Shunryu Suzuki's Enso
There was some discussion about this image being mistakenly mirrored because upper right clockwise is the normal way they're done, but according to Richard Baker that's the way Suzuki drew it. He remembers talking to Suzuki about it being different, from left to right. He told me that at the SFZC 50th reunion in August after the Saturday event when Steve Stucky was showing some memorabilia, one of which was a fundraising brochure or poster - raising money that eventually went to purchase Tassaajara - with the enso on it. I pointed out the left to right direction of the brush stroke and mentioned that some of us had wondered if the often used image was actually a reverse, a mirror of the original. That's when Baker told Steve and me about his discussion with Suzuki about this in the fall of 1966. I thought it would forever remain a mystery.
I remember when Suzuki made it. He didn't do a lot of calligraphy but that day he sat on the floor in his office with a lot of white sheets of sumi paper on the table and floor, blackened brush in hand doing one after another. When he'd decided on one it was printed up on separate sheets and a bunch of us were there looking at them and taking one. I got him to sign one. Have no idea where it is now.
Also, contacted Chisan at Sogenji in Okayama, Japan who asked Shodo Harada Roshi about it and he said it has been and will be done every which way - no rules. - dc
10-19-12 - Another comment on this left to right enso from a cuke reader and Zen friend.
Some years ago, I went to a talk of Kaz's [Kakuaki Tanahashi] in Berkeley.
At the end of the talk he had everyone come up, one by one, and draw an enso which he patted dry and then gave them. I still have mine. I was interested in what I drew only because when I went back to my seat, the person sitting in the chair next to me pointed out that I had drawn it from left to right. And they were supposed to be drawn from right to left. Naturally, I felt bad about this. I had done it wrong. Over the years, whenever there was a discussion about I enso, I perked up and made sure I listened well or read it thoroughly. Once I came across a discussion between Aitken-Roshi and Kaz about the enso which is drawn from left to right. I no longer remember where I read it (sorry) but this is what I remember: The person who draws an enso from left to right is a person who learns the hard way. That's what I remember from reading their discussion. It's certainly true for me. If indeed, Suzuki-Roshi did draw it originally from left to right then is it also true of him? Don't know, didn't know him.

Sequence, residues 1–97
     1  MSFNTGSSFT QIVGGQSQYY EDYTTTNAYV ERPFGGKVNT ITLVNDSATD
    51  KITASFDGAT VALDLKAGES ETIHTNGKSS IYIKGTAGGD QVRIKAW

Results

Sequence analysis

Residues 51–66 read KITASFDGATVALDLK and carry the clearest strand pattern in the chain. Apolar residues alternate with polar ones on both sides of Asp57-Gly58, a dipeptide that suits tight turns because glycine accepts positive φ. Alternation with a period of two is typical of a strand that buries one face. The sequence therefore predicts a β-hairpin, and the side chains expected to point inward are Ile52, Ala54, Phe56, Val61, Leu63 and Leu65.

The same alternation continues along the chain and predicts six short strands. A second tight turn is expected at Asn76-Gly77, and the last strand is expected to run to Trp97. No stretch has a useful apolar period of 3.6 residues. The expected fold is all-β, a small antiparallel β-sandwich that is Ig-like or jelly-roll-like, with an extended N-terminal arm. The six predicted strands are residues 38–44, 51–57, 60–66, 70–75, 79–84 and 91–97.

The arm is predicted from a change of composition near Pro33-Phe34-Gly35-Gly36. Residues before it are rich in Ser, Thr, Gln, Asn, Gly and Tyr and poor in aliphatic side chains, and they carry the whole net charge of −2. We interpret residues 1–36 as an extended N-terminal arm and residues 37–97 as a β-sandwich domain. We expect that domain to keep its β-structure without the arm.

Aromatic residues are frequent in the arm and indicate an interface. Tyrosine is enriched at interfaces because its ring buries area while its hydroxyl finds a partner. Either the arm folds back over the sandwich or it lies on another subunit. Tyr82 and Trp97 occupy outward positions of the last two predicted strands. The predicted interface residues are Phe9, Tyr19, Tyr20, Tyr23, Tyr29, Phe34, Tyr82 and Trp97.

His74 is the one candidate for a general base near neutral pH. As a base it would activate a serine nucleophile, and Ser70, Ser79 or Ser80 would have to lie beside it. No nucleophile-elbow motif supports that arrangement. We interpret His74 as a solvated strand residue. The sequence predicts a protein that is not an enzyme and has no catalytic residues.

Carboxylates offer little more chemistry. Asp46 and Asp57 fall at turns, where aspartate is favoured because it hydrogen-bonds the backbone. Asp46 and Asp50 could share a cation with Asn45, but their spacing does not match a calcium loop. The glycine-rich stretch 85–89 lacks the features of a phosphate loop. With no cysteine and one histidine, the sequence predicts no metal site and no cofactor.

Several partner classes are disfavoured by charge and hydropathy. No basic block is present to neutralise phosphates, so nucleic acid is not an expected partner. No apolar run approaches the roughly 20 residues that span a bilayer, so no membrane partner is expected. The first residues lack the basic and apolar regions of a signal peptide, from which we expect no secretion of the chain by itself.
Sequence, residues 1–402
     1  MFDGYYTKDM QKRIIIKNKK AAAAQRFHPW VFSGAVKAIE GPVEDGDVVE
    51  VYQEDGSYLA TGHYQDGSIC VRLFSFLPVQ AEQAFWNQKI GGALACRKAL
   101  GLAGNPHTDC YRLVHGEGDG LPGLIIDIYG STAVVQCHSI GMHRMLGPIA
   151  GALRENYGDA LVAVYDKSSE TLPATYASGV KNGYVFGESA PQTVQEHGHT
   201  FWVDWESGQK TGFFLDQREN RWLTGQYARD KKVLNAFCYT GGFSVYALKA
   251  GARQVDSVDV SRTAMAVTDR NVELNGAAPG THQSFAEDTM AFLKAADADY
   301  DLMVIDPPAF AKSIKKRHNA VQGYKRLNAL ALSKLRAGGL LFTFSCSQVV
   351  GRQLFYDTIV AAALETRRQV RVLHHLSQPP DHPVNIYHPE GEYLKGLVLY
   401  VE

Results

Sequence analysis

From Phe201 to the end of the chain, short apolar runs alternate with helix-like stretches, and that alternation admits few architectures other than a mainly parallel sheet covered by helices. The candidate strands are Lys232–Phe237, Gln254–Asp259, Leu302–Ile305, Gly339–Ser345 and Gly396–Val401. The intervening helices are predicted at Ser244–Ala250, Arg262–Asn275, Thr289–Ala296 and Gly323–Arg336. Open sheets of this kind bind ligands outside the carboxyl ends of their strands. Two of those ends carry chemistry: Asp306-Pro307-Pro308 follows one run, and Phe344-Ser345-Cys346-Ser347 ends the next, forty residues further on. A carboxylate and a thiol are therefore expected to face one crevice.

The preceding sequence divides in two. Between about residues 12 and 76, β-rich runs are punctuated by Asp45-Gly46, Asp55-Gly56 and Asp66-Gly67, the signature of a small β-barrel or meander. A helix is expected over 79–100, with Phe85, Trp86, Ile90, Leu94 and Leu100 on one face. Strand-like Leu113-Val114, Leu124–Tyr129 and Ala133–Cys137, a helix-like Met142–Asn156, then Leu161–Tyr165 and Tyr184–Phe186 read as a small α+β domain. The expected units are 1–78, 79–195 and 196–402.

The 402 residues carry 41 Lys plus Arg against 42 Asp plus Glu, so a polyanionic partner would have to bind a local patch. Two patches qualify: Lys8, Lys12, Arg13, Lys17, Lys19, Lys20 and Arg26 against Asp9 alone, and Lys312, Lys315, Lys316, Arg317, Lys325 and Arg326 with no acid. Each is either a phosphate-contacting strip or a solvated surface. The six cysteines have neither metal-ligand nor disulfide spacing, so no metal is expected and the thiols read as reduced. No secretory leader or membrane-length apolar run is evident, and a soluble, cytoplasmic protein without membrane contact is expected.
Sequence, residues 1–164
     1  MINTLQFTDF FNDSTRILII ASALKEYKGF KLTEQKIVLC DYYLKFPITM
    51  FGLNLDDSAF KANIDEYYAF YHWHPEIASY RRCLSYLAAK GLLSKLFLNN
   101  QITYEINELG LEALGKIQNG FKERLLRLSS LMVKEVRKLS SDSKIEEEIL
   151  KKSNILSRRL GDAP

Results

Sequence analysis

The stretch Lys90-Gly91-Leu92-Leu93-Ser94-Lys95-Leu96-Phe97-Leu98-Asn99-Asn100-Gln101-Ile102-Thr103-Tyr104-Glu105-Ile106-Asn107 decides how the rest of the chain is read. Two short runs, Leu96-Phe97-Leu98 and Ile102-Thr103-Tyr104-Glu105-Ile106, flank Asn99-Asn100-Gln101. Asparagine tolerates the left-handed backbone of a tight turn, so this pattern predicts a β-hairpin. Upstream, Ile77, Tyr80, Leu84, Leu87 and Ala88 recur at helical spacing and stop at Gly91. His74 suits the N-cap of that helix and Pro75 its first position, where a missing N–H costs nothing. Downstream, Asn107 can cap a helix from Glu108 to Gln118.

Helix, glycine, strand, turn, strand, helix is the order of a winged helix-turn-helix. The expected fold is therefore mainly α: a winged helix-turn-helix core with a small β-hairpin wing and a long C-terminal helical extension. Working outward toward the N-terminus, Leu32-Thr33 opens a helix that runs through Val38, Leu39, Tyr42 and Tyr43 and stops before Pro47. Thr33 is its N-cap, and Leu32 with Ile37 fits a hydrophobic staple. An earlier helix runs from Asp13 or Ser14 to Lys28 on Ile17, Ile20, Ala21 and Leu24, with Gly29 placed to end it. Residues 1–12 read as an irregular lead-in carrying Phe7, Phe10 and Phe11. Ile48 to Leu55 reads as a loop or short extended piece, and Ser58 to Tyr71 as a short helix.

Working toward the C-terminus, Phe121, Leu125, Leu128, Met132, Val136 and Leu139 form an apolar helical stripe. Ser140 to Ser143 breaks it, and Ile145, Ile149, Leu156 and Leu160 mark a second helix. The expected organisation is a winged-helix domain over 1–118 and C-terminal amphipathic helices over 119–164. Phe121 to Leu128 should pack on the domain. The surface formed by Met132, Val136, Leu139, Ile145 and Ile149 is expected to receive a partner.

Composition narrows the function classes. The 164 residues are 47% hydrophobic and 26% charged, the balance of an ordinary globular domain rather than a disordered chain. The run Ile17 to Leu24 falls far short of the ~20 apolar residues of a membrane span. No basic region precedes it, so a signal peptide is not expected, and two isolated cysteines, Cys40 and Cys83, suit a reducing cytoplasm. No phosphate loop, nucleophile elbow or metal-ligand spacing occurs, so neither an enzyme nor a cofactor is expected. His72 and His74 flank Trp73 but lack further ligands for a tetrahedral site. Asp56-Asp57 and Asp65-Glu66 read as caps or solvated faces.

DC comment: Interesting. I wrote back that Suzuki Roshi spoke of himself as a slow learner, a slow horse.
First Use of this Enso
was for a benefit art show toward the purchase of. Here's what I wrote about it for the 2nd edition of Crooked Cucumber:
Spending a whole afternoon on a cushion at the low table in his office,
at the request of his student,
Mike Dixon, Suzuki drew an enso, a sumi circle, for a poster
announcing a benefit art show, drawing one incomplete circular stroke
after another, going through sheet after sheet of rice paper, till he
got a stroke that satisfied him. He didn't do a voluminous amount of
calligraphy, as is common among Japanese priests, but this simple enso
would come to greet countless gazes.
Mike Dixon designed the poster. His
artist name is Willard Dixon.
Mike Dixon designed the poster. His artist name is Willard Dixon.
This enso has been copied and used extensively and is inscribed at the base of Stephen Gaskin's memorial stone
Here's a solo page for the art show poster - ZMC Benefit Art Exhibition and Sale poster